SL needs to strengthen social security in view of rapidly aging population - Dr. Saman Kelegama


By Hiran H. Senewiratne

Sri Lanka needs to strengthen its social security system in a sustainable manner, because the population of the country is aging at a rapid pace, Executive Director Institute of Policy Studies (IPS) Dr Saman Kelegama said.

"A lack of retirement income coupled with dwindling family support will expose large numbers of older persons to economic vulnerability. To overcome this impeding complication, Sri Lanka requires strong social security systems which need to be sustainable,Dr Kelegama said recently at a National Consultation on Pensions in Sri Lanka. The event was organized jointly by the United Nations Economic and Social Commission for Asia and the Pacific (ESCAP) and the Institute of Policy Studies, at Hotel Taj Samudra, Colombo last week.

He said that in 2030 one fifth of the total population will be above 60 years or more and a strong social security system for both formal and informal sectors is the need of the hour because they would fall into a poverty list."This would in turn become another social issue, which needs to be addressed as soon as possible, Dr Kelegama said.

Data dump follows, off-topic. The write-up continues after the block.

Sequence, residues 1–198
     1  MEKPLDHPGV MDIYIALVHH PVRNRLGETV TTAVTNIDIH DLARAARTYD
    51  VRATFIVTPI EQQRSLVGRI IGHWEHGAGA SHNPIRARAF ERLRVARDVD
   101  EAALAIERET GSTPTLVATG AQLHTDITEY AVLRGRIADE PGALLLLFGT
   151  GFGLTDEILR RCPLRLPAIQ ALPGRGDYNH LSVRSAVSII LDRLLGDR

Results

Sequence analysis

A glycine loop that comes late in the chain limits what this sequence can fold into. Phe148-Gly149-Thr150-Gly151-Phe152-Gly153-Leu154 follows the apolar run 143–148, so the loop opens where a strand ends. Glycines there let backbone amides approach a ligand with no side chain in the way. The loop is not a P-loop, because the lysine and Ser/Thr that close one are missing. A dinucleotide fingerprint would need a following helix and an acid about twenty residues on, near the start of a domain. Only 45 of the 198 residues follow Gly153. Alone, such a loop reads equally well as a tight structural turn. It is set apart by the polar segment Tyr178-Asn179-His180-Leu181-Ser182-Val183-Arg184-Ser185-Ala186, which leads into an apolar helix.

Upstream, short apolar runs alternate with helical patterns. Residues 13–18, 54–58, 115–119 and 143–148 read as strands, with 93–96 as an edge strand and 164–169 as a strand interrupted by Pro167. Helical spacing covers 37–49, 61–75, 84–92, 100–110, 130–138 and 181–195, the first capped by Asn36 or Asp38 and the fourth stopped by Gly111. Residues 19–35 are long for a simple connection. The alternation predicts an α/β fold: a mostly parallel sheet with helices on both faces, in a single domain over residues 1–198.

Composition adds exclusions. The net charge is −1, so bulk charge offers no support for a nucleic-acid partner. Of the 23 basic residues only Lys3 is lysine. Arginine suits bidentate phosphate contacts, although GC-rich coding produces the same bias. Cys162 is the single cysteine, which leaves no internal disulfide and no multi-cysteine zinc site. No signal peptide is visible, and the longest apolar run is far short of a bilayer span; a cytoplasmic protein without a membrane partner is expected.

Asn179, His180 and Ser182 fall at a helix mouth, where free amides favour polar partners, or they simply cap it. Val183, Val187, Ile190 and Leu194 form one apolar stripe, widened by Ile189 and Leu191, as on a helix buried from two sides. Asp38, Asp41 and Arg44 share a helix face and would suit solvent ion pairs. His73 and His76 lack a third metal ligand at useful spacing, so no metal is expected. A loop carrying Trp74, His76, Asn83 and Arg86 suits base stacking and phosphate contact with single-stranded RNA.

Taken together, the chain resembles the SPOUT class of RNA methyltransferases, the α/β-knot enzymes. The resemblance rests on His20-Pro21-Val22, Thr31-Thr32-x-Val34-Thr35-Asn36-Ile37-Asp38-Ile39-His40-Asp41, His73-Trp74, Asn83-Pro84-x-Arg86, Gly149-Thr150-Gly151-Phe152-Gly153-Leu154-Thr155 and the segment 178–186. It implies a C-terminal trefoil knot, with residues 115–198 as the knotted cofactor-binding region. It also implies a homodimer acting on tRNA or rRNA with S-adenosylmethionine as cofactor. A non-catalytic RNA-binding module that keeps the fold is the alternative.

At present the majority of older persons depend on their children for financial and other forms of support, while six percent of older persons live alone, he said.

Dr. Kelegama said that most old age income support schemes in Sri Lanka are employment based; thus labour force participation is linked to old age income support schemes. "Although close to 95 percent of males are employed only about 40 percent of females in that age group are employed. Therefore, labour force participation is highest among females in the age group 40 to 44 years,he said.

He also said that only 47 percent females participate in the labour force. The access of women to old age income support is a special concern because female life expectancy exceeds that of male like expectancy, he said.

"Among those aged 60 years and above, it is estimated that there are 81 percent older males to every 100 older females in the population in 2015, which means, females need old age income support more than males, he said.

Dr Kelegama said that when it comes to informal sector workers, they do not have an ability to contribute regularly to these programmes. The reason being income levels from some informal sectors, particularly agriculture and fisheries, are highly unpredictable, he said.

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